Last year at Fanexpo I talked to many creators about the video games that they love to play. This year however (after being inspired by conversations that I had with creators), I wanted to bring things back to basics and talk about tabletop games. Tabletop games hold a special place in many creators’ hearts because of the social story-telling that happens while playing. I sat down with four different creators to discuss their favourite tabletop games.
Phil McClorey is the editor-in-chief and one of the writers of the terrifying book Horror in the West set to be released in October. One of his favourite games is the classic tabletop game Dungeons and Dragons (specifically 3rd edition or 3.5). He says, “3.5 is really smooth in terms of game-play and it’s pretty easy to figure out how to play. It’s a great way to socialize and work on your creative skills, and I think that the Forgotten Realms campaign setting specifically is extremely rich. It provides an avenue to produce some really quality adventures and settings in which to immerse the characters.” After reading Horror in the West myself I think we can safely say that the book can provide interesting settings for a role-playing campaign itself. We will have to make this happen.
Yeah. We used this photo before. Wanna fight about it?
Next to McClorey sat Brian Evinou, an animator, artist, and contributor to Horror in the West. He explained to me that 2005’s dungeon-crawling epic table top game Descent is his classic gaming choice. Evinou explains (in his voice like rich chocolate), “Descent is a really great turn-based dungeon-crawler strategy hack-and-slash game. It’s a lot of fun and it comes with all these awesome little monster figures that you get to murder with your awesome heroes who also have awesome little models. Growing up, I was really into the Warhammer aesthetic but I could never afford to play the games because it was so expensive. Descent though is a one price thing and you get all those cool figures, it’s a bit more realistic financially I think. There’s also all these great additions that create a really big quest that can go on for like a hundred missions and you can continue to level up your character for a while.” It’s clear to see where Horror in the West got it’s amazing story concepts, from incredibly creative people honing their craft with dungeon crawling rpg’s.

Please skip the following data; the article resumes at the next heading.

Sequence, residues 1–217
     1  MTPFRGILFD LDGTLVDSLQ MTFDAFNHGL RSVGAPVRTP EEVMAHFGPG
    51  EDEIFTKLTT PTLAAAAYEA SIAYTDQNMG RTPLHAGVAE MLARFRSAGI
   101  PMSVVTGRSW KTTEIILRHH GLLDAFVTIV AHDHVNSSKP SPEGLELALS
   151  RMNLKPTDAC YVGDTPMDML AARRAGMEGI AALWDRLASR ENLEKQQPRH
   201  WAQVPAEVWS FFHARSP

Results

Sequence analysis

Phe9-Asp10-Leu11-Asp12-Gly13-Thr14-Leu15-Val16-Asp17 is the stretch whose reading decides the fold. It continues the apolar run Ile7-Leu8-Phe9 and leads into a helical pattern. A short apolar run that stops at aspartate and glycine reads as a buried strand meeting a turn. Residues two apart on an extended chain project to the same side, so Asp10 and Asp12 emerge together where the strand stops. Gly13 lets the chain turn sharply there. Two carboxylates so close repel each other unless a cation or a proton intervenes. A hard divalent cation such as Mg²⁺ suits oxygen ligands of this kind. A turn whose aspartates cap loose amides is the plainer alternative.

Over on the other side of Artist Alley I spoke with Adam Gorham (illustrator) and Fred Kennedy (writer) from Teuton. Kennedy -without hesitation- explained to me the interesting world of the early 90’s board game HeroQuest. “My favourite board game,” he says, “and I begged and pleaded with my parents to get it for me was: HeroQuest. It was this massive board game that you could set up to look like different dungeons, and it came with little Orcs and little knights. There were four different playable characters: the Barbarian, the Elf, the Dwarf, and the Wizard. The Chaos Gargoyle was the main big bad guy in the game – it was awesome. The game came with dice with skulls and swords and shields on them rather than numbers; and if you got, say, three shields, that was a good block. It was really simple but you could do all kinds of different things with the game. Also each character had their own expansion pack as well, and there were other expansion packs for specialized villains and monsters – it was the best. The absolute best!”
Does this sword make my barbarian look too big?
Stumped for a board game that he grew up with, Gorham instead went the coy route saying “Board games? I don’t know, I’m sure there was a board game at some point in my life; but I was already instantly too cool for it. Like, it was probably Christmas and I opened up my gift and was like ‘Oh a board game’, and my innate manliness just crushed it… sooo sorry kids.” You know what? That could actually be a good game to play: people stand around a board game (for example, Monopoly) and just destroy it with shear machismo. Of course, Adam Gorham would win all the rounds if he was playing.